Hi universe. I’m on Medium. Here goes.
I teach because I am ALWAYS LEARNING when I am teaching.
When I am learning I FEEL ALIVE.
When I feel alive, I know I CAN CHANGE THE WORLD for the better!
A couple days ago I had a BIG conversation with Bill Mills, the Community Manager for Mozilla Science Lab, about open learning, designing for participation, online engagement, collaboration, inspiration and a bunch of other metaphysical ideas that I often create practical implementations for. During our conversation, Bill asked if I had any advice for designing learning experiences that can engage and activate the far ends of the introvert / extrovert spectrum, and I said something along the lines of “The extroverts are easy, and the introverts just need time.”
Later, I was mulling this over and thinking about how hard it is for an outgoing person such as myself to understand people who are shy or don’t participate the way I do. I was thinking about why in our online spaces we have so many people lurking and so few participating. Why don’t more people contribute?
Then I got an email from a blog I follow, and I realized I’m a lurker too. For almost two years, I’ve been lurking around a community that I quite admire. I’ve never said hello, never reached out, never participated in the challenges, or submitted a comment. I’ve not gone to any of their events. But I read what they’re talking about, and I try out their ideas. My life has, without a doubt, changed for the better since I started lurking in this particular community. And no one on Earth knows it, except for me (and you, kind of, though you don’t know what community I’m talking about or the topics they care about).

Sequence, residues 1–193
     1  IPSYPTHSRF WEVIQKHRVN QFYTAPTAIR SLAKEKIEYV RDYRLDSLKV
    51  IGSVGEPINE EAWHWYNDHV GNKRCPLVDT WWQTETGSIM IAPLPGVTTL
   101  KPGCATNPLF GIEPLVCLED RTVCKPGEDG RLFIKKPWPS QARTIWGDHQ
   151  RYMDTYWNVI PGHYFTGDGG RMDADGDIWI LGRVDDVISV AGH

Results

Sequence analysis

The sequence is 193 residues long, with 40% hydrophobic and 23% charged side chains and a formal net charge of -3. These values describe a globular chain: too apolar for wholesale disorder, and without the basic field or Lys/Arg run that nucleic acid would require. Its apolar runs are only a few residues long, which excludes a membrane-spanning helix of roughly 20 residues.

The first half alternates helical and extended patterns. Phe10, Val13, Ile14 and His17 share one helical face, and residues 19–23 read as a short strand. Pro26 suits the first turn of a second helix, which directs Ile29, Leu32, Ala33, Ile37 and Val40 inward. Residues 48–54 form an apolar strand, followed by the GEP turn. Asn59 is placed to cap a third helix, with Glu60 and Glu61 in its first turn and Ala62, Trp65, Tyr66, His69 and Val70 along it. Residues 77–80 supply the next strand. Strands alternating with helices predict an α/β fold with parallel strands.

That website, and the people who participate there, have done a fine job of designing for participation. They have made me feel welcome, I feel like I know people there, I trust those people to a certain extent. I wonder what they’re up to when I haven’t been around in a while. So why don’t I say hello? Why don’t I say “Hey guys, you’re a cool community, thanks for the things you’ve put out in the world. It’s helped me,”?
Simple: I don’t feel like I need to.
I have a global community I like, the Open Community is where I choose to spend my time interacting online. I have the issues that I want to discuss in the open, and the themes of this other place I lurk around aren’t things I feel like I need to discuss. But I’m growing, I’m a better person, I support what they’re doing over there.
We can’t force people to participate, and if we really care about educating people, we shouldn’t try. We should build and design for the people who are participating, and we should be careful to ensure that the lurkers feel welcome. We should create safe spaces of learning and mentorship where even those who don’t complete the call to action still start to develop trust in us, in our products. The fact is you are always a lurker before you participate, so we should be careful not to push people away by implying that they don’t count if they aren’t like us. If we work to love our lurkers, maybe some of them will find their reason to participate.
My CLMOOC friend and colleague Kevin Hodgson (@dogtrax) recently wrote a blog post for the Connected Courses community that prompted us to think about the importance of “lurking” in a connected learning environment. For those of you who might not be familiar with the term within the context of online behavior, to “lurk” means to click here and there (and check out what content and commentary is being generated by a community) while remaining an observer more than a contributor to the unfolding conversation.